There are times when data, such as reference data, is provided by an external vendor on read-only media. You can go through the work of creating a database schema to hold the data, create procedures to load the data into the database as BLOBs, and then repeat those procedures again and again and again, as the reference data is updated, but BFILEs provide a better solution to this problem. BFILEs allow you to simply go through the database and directly access the data on the host’s filesystem.
An instance of a
class is used in your Java program to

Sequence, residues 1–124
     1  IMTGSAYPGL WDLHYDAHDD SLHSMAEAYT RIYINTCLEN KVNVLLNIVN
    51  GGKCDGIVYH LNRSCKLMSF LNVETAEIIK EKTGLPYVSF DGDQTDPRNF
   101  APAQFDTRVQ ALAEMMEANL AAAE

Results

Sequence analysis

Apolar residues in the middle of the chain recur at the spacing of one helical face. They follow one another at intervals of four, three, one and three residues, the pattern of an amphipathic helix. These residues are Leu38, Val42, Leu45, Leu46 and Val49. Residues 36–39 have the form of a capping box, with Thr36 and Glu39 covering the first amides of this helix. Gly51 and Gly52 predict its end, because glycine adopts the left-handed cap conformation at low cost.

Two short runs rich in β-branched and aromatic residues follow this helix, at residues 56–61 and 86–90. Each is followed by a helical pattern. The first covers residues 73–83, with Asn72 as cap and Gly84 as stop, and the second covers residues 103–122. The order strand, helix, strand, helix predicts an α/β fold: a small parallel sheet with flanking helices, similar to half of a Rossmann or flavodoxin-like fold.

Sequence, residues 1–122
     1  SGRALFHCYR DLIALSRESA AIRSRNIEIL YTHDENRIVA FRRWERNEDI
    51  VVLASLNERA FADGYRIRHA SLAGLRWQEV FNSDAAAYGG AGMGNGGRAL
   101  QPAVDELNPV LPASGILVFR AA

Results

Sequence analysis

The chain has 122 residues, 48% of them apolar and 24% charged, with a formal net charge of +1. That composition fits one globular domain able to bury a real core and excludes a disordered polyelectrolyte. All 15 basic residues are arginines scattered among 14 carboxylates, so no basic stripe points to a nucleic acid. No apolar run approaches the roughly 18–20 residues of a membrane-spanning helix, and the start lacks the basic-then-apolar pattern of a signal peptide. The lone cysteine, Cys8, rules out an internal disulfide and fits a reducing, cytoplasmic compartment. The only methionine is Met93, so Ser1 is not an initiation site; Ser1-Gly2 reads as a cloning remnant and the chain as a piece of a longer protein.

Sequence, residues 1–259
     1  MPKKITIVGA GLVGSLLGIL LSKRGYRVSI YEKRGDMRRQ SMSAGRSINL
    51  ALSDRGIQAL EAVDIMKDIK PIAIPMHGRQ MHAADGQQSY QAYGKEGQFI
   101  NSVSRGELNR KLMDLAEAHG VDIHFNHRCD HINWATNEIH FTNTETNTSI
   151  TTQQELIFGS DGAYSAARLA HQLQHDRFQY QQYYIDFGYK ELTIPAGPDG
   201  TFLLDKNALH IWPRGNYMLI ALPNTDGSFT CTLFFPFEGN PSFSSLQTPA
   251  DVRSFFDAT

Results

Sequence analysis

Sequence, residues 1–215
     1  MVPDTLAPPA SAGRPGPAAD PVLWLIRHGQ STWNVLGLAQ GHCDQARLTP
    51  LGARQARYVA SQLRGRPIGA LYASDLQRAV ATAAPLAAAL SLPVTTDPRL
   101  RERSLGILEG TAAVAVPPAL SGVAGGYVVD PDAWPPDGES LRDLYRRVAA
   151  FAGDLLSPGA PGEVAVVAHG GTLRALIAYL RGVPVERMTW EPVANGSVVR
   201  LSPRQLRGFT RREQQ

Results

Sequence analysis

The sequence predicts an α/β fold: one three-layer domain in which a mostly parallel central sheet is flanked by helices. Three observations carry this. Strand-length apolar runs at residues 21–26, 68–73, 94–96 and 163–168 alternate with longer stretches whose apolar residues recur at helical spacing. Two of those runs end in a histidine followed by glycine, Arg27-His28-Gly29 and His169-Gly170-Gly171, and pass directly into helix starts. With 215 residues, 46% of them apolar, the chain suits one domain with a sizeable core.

hold a copy of a BFILE’s read-only locator from the database.
You can then use the
object’s methods to retrieve the contents of the external
binary file using streams.
To use BFILEs, you must follow these steps:
Create a directory on the host’s filesystem for your files and store your files there.
Create a directory object in the database to store the host filesystem’s directory specification using the create directory DDL statement.
Create a table to hold BFILE locators for the external binary files.
Insert locators for the external binary files into the table.
Retrieve the external binary file data using the BFILE locator.
In the earlier section on BLOBs, we stored a photo in the database. In this section, instead of storing a photo in the database, we’ll store it in an operating-system file. To do this, create a BFILE directory, c:\TestBfile, on your host. Then create a directory object in the database ...